The emphasis for socially responsible investing is changing as the market becomes more established, says Emily Bannister, director of research at Federal Street Advisors in Boston.
When socially responsible investing (SRI) -- now often referred to as sustainable investing -- first broke onto the financial scene, it usually meant avoiding investing in companies that had a negative impact on the environment or the community. Now it also means supporting those companies that have good governance and a positive impact on the world around them, Bannister says.
The trend has been especially evident in the last few years as SRI investing grew to $3.74 trillion in 2012 from about $600 billion in 1995. By 2012, one out of every $9 invested was put into some form of socially responsible investments, according to the US SIF Foundation, the Forum for Sustainable and Responsible Investment.
Investors want to do more than just avoid sin stocks – they want to create change and have a positive social impact, Federal Street Advisors says.
“Advisors should have discussions with their clients to determine what they want to accomplish through their investments and what level of involvement in trying to create change is comfortable for them,” Bannister says.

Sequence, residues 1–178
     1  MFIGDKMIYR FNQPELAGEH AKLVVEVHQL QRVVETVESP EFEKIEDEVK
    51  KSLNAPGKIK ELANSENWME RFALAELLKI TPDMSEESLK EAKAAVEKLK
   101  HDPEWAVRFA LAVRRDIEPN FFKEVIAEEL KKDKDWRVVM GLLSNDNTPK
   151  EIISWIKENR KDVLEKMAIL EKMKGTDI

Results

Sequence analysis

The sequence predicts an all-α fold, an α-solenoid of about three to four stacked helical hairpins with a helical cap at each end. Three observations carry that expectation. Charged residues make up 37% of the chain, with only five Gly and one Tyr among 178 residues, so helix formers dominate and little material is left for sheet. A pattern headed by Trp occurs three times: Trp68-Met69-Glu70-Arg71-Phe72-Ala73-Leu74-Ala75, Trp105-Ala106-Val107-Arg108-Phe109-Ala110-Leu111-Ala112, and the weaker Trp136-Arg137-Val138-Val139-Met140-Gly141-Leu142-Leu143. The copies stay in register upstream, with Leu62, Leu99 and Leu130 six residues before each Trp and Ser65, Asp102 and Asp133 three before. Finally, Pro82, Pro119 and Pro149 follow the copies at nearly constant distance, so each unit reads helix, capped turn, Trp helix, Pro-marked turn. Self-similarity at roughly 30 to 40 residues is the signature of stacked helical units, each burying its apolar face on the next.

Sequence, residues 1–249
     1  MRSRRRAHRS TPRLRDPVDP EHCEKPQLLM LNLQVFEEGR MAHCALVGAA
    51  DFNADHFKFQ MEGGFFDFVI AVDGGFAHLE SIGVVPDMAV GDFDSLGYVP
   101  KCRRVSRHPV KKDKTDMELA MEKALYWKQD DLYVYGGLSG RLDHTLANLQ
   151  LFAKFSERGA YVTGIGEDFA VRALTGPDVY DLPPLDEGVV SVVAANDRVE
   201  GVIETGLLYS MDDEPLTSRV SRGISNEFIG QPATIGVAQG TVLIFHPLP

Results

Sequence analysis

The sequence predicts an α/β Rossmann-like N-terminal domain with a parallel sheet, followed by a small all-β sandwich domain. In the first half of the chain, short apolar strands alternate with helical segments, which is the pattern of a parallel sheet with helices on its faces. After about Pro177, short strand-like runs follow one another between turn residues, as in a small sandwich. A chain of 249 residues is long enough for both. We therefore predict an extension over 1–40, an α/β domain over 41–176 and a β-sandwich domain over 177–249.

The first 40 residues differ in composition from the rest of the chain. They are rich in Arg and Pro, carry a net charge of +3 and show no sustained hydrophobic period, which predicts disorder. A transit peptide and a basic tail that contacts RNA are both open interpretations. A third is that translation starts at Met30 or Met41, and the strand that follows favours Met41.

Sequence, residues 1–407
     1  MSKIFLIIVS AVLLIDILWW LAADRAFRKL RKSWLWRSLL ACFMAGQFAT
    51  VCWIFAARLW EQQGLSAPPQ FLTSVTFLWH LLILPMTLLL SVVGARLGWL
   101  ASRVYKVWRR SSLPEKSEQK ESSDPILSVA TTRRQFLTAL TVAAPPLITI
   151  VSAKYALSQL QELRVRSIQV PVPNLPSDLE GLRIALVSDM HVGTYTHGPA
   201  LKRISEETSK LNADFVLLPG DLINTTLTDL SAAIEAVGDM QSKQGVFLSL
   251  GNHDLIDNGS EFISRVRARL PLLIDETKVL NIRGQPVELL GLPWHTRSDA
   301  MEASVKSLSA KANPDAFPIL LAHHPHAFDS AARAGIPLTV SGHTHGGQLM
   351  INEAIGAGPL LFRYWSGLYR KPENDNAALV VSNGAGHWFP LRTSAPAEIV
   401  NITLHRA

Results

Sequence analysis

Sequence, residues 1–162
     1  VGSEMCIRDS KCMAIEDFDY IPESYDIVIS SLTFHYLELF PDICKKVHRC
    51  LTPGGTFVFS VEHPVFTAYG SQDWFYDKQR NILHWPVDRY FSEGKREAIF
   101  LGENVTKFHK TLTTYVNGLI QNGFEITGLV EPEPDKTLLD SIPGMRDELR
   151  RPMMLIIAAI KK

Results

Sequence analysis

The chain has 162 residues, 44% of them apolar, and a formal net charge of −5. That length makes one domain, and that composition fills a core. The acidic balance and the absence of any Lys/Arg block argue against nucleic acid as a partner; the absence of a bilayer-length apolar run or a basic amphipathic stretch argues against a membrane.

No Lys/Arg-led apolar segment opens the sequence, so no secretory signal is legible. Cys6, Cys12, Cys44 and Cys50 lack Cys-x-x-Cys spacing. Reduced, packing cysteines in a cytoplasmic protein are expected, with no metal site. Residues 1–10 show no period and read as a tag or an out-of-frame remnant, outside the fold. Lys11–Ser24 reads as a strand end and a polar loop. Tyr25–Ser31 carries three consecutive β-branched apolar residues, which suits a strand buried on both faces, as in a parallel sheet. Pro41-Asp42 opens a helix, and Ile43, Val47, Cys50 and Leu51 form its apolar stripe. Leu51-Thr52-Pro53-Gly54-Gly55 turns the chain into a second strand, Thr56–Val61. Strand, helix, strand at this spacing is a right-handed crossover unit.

Money managers at Federal Street look at the environmental and social impact of a company and at the governance of the company when making investments, she says. Investors are becoming more involved in voting on corporate issues and demanding information about sustainable operations from the companies.
As investors demand more accountability, companies are responding by making changes in operations, and in wages and working conditions for employees, she adds. This makes more investing options available.
Enough companies and industries are now responding to investor pressure for sustainable operations so that a portfolio that is diversified and yet socially responsible can be assembled, Bannister says. At the same time, investors do not have to sacrifice returns to invest in companies that operate sustainably and treat employees fairly.
Unsustainable operations and poor treatment of employees can lead to lawsuits and high employee turnover, which negatively affects the company’s bottom line, she says.